TAGS: ethics, principles, advisory opinion
Experience shows the best employment decisions for both students and employers are those that are made without pressure and with the greatest amount of information and transparency. Students given sufficient time to attend career fairs, participate in on-campus interviews, and/or complete the interviewing in which they are currently engaged are more likely to make good long-term employment decisions and may be less likely to renege on job acceptances.
Employers can use offer deadlines as part of planning a recruitment strategy. Offer deadlines will be influenced by the available candidate pool, the available recruitment opportunities, and anticipated staffing needs. Definitions of sufficient time for these offer deadlines will vary, given industry standards, students’ experience with the employer, offer timing, students’ career interests, and proximity to graduation date/start time. Some issues that employers may wish to consider when establishing their offer deadlines are:
In reviewing the issues pertaining to reasonable offer deadlines, it is appropriate to consult the NACE Principles for Ethical Professional Practice preamble, which clearly articulates that the Principles are designed to provide everyone involved in the career development and employment process with two basic precepts on which to base their efforts:
The NACE Principles for Ethical Professional Practice Committee understands that not all employers recruit at the same time of the year, nor do all colleges follow the same academic calendar. Therefore, recommending specific calendar dates for offers and acceptances would not be appropriate. Furthermore, many employers issue offers to their graduating co-ops or interns at the start of the employer’s recruiting cycle to provide those students priority consideration prior to extending offers to other students. Finally, shorter decision time frames would be appropriate if the candidate's graduation date and start date are very close.
Employers should assess their use of offer deadlines to ensure they are not placing undue pressure on a student. Pressure can arise not only as a result of the deadline, but also when there are financial incentives—a signing bonus or higher starting salary, for example—that encourage very early acceptance of offers. Today’s technology can significantly shorten the time from interview to receipt of complete job offer information. Although both students and employers benefit through this quick communication, it also can shorten the time available for students to make good decisions and increase the sense of urgency.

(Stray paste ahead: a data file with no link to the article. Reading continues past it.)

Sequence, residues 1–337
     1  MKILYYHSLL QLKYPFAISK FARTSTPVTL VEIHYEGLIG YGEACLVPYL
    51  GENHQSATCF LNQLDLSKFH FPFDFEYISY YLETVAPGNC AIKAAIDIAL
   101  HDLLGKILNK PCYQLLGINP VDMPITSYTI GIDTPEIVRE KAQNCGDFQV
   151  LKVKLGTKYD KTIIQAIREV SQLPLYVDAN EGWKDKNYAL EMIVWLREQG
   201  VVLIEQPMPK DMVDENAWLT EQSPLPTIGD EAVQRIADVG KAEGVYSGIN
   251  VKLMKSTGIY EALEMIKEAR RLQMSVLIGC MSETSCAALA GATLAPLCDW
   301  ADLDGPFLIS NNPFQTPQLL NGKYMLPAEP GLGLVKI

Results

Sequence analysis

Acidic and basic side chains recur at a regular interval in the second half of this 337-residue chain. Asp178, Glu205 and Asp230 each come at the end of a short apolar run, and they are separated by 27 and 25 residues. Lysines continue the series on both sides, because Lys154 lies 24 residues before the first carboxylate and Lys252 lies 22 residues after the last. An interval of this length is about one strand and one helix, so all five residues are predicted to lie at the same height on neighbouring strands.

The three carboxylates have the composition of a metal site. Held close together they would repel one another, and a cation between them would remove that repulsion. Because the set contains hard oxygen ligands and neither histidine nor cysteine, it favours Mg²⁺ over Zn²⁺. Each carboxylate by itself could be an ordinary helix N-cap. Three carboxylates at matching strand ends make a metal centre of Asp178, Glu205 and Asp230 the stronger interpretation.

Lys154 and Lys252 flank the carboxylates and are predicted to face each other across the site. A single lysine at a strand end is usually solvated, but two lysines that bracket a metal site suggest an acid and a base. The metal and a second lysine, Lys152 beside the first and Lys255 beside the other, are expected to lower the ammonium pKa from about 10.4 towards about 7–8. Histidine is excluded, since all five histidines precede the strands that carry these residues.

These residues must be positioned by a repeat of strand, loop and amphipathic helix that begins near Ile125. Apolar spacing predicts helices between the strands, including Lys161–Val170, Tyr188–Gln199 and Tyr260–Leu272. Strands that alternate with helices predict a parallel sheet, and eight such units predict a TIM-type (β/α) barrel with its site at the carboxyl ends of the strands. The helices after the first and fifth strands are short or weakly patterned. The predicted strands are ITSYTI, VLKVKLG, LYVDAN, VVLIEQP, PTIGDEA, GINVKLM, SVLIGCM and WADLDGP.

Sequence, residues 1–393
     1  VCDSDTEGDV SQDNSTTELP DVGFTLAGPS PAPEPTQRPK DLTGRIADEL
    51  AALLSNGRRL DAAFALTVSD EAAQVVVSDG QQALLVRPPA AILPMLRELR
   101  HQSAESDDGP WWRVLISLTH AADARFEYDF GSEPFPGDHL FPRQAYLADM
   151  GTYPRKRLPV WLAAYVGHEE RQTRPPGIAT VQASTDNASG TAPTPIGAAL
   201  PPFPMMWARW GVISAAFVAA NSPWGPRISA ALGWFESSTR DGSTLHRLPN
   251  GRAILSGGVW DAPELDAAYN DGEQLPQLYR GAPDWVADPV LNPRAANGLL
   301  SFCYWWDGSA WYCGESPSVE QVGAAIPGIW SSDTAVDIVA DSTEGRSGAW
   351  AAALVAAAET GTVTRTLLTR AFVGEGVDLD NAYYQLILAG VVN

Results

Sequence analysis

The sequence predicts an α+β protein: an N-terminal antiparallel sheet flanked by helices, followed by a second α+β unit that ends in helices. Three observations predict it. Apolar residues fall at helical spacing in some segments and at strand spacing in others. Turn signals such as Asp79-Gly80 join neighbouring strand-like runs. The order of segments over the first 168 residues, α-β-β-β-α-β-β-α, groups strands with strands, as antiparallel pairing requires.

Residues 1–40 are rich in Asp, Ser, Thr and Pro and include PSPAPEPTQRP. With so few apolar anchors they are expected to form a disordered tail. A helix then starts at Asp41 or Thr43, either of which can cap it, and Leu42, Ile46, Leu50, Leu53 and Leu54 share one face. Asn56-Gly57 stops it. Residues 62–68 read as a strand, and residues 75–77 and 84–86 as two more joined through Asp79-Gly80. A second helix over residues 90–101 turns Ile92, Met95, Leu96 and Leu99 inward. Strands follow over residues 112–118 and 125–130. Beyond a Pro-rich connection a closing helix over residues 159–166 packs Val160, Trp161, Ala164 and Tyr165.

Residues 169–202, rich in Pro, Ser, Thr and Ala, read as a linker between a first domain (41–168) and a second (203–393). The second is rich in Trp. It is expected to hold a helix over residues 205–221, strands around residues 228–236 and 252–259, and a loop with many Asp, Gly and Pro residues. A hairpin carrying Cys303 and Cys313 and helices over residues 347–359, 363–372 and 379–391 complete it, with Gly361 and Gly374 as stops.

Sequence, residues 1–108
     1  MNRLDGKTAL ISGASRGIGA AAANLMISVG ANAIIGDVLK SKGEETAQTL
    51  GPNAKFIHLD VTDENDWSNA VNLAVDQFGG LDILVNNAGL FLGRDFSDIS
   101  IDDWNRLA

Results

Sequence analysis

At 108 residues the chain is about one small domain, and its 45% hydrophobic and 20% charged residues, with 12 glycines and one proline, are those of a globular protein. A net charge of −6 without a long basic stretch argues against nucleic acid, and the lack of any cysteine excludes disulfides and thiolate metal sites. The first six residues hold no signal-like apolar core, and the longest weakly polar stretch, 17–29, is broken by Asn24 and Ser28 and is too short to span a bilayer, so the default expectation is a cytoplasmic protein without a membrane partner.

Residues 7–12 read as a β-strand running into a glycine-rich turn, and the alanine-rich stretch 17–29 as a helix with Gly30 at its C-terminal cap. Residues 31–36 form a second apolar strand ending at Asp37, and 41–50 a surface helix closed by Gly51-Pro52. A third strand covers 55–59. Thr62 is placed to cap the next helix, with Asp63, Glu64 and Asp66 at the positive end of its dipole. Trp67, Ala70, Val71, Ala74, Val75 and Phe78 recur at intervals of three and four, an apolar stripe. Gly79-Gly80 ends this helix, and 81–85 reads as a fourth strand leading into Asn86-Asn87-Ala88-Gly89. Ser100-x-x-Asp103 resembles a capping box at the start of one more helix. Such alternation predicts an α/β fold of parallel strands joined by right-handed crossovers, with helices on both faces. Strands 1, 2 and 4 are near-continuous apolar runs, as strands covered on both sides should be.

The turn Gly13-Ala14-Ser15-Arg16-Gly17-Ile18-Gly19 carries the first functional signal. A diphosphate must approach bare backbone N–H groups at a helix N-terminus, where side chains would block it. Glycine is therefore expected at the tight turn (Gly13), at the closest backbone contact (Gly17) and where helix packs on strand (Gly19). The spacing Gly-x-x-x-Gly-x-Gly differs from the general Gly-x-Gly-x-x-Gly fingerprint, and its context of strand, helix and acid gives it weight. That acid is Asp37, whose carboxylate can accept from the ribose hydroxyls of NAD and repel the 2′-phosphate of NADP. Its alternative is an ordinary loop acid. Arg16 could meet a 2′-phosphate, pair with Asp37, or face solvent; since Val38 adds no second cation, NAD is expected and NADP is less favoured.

Career centers should provide guidance to students to help them make informed decisions when accepting or declining job offers. Career centers may provide guidance to employers and recommend that they consider extending deadlines when needed. Students should acknowledge that both what is best for their career and what the employer needs are to accept offers in a reasonable time. If employers don’t give a clear deadline upfront, career centers can help students work with employers to determine what might be a reasonable time.
NACE and the Principles Committee do not advocate enforcing a specific time frame, but rather encourage practices reasonable and appropriate for both employers and students. The Principles Committee believes that providing sufficient time for students to evaluate the employment opportunities offered to them allows them to make the wisest decisions for all concerned, creating a positive experience for candidates and employers, and ultimately reducing renege and attrition rates.
Reviewed and updated by the 2022 Principles for Ethical Professional Practice Committee.
Percent of institutions that offer stipends for low- or underpaid internships
Percent of institutions that collect demographic usage data
Percent of institutions that have implemented career readiness competencies institution-wide
Percent of career centers experiencing a change in reporting structure over the past year
2022-23 Career Services Benchmarks Report